Religious attacks bring a new meaning to persecution

C.A.R.Religious persecution is often associated with Christians as the victims and other religious minorities as the victimizers. However, in the Central African Republic, also known as CAR, the opposite is taking place.

Christian militias known as “anti-blakas” are attacking and killing Muslims. This branch of Christianity does  not follow the same beliefs as Christians in America. They mix Christian beliefs with traditional African customs and use fear to either convert their opponents, kill them, or cause them to leave.

This type of religious enforcement is known as “ethnic cleansing.” This religious battle

began roughly a year ago when the Muslim rebels seized power in the CAR and then lost it again

around December 2013. Since then, Christian militias have been fighting back and

killing every Muslim they see in the process.

Thousands of Muslims are being evacuated from their homes in an attempt to protect

themselves and their families. Many of these refugees are headed to Bangui, the capital of the

Central African Republic. There is a refuge in Bangui that is protected by the African Union


Once a month, refugees join a convoy that heads to safety. These refugees are not safe until they reach their destination.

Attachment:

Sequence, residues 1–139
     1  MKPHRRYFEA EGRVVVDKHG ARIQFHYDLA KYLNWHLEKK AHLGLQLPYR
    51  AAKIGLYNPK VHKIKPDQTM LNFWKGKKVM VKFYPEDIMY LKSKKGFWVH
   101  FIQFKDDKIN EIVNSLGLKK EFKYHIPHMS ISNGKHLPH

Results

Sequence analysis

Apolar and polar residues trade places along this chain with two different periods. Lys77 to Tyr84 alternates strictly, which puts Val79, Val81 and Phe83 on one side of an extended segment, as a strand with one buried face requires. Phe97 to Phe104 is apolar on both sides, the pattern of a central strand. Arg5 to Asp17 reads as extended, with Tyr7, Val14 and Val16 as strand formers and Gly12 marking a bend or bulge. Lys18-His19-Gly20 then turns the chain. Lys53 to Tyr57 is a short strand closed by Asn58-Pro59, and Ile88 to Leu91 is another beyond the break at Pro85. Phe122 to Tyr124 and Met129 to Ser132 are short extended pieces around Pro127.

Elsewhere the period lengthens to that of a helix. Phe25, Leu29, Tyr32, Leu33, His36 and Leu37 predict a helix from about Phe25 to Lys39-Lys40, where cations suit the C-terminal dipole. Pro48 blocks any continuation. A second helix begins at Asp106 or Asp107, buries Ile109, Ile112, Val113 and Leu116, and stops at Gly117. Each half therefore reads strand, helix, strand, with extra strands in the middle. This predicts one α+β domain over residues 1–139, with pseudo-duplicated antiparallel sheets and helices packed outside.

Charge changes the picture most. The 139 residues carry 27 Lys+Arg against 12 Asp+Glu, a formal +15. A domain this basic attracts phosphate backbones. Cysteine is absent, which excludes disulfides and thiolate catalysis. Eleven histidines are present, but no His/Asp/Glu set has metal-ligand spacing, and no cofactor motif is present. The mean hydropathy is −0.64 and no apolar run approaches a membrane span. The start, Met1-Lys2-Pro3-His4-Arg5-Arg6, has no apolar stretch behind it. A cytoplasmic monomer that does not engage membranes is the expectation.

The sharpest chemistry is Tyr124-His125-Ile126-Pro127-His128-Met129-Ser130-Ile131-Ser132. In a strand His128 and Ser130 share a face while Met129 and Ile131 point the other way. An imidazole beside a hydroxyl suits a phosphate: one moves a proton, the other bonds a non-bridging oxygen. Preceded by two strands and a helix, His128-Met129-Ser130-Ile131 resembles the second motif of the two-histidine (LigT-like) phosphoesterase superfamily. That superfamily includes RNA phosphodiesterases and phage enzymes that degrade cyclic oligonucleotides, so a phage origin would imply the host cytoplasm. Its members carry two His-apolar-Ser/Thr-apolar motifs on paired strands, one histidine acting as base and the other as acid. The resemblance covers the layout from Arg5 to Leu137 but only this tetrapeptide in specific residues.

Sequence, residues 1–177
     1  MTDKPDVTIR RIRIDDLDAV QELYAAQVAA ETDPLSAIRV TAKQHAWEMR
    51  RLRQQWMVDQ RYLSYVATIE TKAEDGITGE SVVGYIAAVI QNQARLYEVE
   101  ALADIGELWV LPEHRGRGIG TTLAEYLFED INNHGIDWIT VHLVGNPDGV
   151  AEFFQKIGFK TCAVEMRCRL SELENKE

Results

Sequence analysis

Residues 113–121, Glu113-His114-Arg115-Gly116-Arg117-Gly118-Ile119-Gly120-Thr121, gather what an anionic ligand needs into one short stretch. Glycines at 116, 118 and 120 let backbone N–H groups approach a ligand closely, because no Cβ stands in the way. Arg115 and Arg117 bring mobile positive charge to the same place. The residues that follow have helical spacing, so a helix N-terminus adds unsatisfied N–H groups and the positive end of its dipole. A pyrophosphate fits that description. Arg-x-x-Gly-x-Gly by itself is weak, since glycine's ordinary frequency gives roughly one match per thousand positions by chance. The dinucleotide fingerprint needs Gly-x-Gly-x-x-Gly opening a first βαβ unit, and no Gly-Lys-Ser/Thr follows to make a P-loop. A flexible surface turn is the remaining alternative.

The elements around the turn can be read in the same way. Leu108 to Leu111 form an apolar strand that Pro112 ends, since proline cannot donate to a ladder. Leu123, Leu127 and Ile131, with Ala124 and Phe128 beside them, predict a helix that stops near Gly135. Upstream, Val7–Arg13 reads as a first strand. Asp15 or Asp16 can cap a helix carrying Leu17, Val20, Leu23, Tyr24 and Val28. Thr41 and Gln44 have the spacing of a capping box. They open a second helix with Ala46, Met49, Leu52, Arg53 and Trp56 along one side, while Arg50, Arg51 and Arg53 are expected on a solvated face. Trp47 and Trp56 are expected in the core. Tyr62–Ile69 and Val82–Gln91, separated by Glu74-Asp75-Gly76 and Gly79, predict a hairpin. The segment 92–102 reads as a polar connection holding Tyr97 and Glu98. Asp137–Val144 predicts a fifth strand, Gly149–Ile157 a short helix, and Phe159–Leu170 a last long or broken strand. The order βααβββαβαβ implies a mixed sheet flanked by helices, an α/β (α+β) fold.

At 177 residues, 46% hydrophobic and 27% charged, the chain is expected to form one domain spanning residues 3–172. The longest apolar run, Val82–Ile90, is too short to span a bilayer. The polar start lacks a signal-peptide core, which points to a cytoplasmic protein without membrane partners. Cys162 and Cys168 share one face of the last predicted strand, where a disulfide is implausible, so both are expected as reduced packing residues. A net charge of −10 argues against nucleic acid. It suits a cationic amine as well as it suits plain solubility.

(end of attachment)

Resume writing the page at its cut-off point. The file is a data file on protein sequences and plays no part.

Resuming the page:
BBC news reporter, Kassim Kayira said, “Roughly 150 Muslims begin the journey and by the end there are over 2,000 Muslims on the convoy.”

“These travelers often encounter lynch mobs and road blocks along the passage to Bangui,” said Kayira.

In one trip, over 20 road blocks were set up to kill the Muslims on the convoy. However, the peacekeepers prevailed against the odds and used the night to their advantage. Only two of the passengers lost their lives, but seven of the militias were killed.

The success of these rescue missions are of grave importance to the CAR. The CAR government, as well as other agencies, are teaming up with peacekeepers to protect these refugees. They will help supply the peacekeepers with food and supplies for their journeys.

AU commander, Maj. Gen. Martin Tumenta said, “It’s a major operation and is of vital importance to the economy of this country.”

Aid agencies fear an exodus of Muslim cattle-herdsmen and traders will lead to famine and economic collapse.

Elodie Nguerele, a traditional Christian who teaches in Bangui, said, “ Traders have mostly left and there is little security at the markets. With few means of making money, we are in trouble.”

– Tiffany Babb, Contributing Writer


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